Professional Development Series

The Singh Center for Nanotechnology offers a monthly professional development seminar series as a resource for graduate students and postdocs in STEM disciplines. The series covers three general areas: career paths, soft and transferable skills, and career-related knowledge and resources. Topics are meant to supplement the formal academic and technical research training graduate students and postdocs receive in the classroom and/or in their laboratories and to help to explore career paths and develop competencies for advancing their career goals.

If you are interested in being on the mailing list or in suggesting a topic/speaker, please email kfield[at]

Please note that this series does not generally cover teaching and best practices for pedagogy. The Center for Teaching and Learning offers excellent resources on developing teaching skills. In general, the Singh Center series also does not focus on traditional academic career development (i.e., finding faculty positions). There are a number of resources at Penn that offer programming on faculty job searches (e.g., Career Services Academic Careers, Penn Engineering Postdoc Community, Biomedical Postdoctoral Programs).

| View Past Events |

Spring 2020


Thursday, April 23, 2020
3:30-4:30 pm, Zoom delivery

Starting-Up: Technology Innovation and Company Formation

Bhavana Mohanraj, PhD, Assistant Director, PCI Ventures

Dr. Mohanraj will discuss commercialization of novel technologies and the creation of companies.  She will share some of the resources of Penn’s PCI Ventures program, as well as insights from her own career path.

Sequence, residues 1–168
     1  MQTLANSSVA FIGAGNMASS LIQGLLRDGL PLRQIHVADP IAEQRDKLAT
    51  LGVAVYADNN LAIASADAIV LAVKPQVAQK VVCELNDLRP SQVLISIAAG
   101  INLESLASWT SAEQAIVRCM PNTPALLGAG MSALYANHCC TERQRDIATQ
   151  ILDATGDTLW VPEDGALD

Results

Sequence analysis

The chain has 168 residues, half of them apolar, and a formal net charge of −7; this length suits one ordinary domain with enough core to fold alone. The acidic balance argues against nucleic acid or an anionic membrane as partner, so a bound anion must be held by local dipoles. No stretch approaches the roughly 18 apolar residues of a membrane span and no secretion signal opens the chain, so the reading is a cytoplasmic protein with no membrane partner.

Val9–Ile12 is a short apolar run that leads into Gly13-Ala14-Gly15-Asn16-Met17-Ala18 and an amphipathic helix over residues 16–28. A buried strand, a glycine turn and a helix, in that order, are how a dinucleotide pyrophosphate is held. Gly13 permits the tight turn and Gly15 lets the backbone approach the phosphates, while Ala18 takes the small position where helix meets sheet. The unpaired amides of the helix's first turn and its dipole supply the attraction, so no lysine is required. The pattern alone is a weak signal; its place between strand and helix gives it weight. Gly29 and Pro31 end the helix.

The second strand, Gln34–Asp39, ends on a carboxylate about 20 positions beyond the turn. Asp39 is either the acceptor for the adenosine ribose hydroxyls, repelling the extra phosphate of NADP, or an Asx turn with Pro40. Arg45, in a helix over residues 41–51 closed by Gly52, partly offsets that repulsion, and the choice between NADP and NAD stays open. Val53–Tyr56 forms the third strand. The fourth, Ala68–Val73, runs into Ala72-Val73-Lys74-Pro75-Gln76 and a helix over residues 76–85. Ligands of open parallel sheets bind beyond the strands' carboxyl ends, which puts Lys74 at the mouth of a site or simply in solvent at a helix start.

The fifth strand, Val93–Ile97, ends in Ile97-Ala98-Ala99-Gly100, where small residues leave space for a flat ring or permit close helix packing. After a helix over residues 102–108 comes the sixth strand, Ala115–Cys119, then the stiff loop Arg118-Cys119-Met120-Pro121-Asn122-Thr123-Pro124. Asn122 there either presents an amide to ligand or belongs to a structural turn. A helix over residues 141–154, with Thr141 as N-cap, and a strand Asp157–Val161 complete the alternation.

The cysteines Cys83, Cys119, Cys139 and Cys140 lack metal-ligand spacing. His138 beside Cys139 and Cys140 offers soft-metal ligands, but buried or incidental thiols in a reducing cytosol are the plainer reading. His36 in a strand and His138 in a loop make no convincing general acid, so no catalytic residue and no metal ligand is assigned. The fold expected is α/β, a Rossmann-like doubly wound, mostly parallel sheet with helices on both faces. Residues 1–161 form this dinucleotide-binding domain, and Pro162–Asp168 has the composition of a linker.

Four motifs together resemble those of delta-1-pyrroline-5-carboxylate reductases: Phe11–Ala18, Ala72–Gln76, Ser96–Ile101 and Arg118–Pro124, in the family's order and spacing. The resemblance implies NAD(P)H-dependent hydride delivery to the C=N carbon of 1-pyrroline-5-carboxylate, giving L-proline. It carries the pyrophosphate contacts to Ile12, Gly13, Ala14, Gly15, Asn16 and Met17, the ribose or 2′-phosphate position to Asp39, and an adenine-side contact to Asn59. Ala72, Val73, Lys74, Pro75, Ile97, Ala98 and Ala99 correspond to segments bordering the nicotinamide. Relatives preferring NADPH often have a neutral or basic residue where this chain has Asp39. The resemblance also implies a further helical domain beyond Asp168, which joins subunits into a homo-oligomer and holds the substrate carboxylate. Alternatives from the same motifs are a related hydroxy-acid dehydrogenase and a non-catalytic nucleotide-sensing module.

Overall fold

Wednesday, April 15, 2020
3:30-4:30 pm
Edited recording here

Your online toolkit for exploring careers and applying for positions as a STEM graduate student or postdoc

Joseph Barber, PhD, Senior Associate Director, Graduate Student/Postdoctoral Fellow Career Advisor, Career Services, University of Pennsylvania

Have you been using CareerShift to identify possible employers in locations and industries that interest you? Are you an expert in navigating the alumni tool on LinkedIn, and then popping over to QuakerNet to find easily accessible contact information? Do you know how to find workplace emails for networking contacts at companies who try their hardest not to share their emails? Have you checked to see if your resume will get passed Applicant Tracking Software at companies using Targeted Resume? Have you given yourself a practice mock interview using InterviewStream and then shared your video with other to get their feedback? If you haven’t heard of these tools, or haven’t yet used them to help support your career exploration and job/internship search, then join us for this to learn about these tools and a few more provided by Career Services.


Thursday, February 27, 2020
3:30-4:30 pm
Reading Room, LRSM Bldg

How to communicate to get what you need (from faculty members and supervisors)
Pablo Cerdera, Associate Director of Restorative Practices, Penn
Marcia Glickman, Deputy Director Office of Student Conduct, Penn

In this workshop, we will practice communication techniques and strategies that you can use to enhance your relationship with mentors, instructors and/or supervisors.  Learn how to get what you need and how to better understand what your mentors, instructors, and supervisors need from you using open communication and listening skills.


Thursday, January 30, 2020
3:30-4:30 pm
Reading Room, LRSM Bldg

Science Policy – Opportunities for STEM students and researchers

This session will share information about some of the opportunities for Penn STEM graduate students and postdocs to learn about and/or become involved in science policy in ways that complement or expand their STEM technical training. The Kleinman Center for Energy Policy will share information about its programs and resources. Graduate Students, Zakaria H’sain (Mechanical Engineering) and Steven Neuhaus (Materials Science), will talk about the Penn Science Policy and Diplomacy Group and their experiences with the NSF-funded Science Outside the Lab program. There will be time for discussion—session participants are encouraged to bring questions about science policy and opportunities for broader impact and insights from their own experiences.